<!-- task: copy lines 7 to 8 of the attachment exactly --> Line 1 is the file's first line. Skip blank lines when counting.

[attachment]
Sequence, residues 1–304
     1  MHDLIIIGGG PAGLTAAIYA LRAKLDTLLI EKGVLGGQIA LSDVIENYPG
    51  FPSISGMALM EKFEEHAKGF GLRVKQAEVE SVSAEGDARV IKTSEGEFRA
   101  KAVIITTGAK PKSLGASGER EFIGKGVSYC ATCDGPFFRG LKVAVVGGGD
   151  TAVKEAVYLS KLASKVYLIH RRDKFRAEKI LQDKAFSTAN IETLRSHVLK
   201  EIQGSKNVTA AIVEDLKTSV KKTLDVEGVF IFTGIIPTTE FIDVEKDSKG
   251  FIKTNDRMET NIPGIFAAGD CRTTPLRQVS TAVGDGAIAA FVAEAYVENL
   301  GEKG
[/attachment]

   251  FIKTNDRMET NIPGIFAAGD CRTTPLRQVS TAVGDGAIAA FVAEAYVENL
   301  GEKG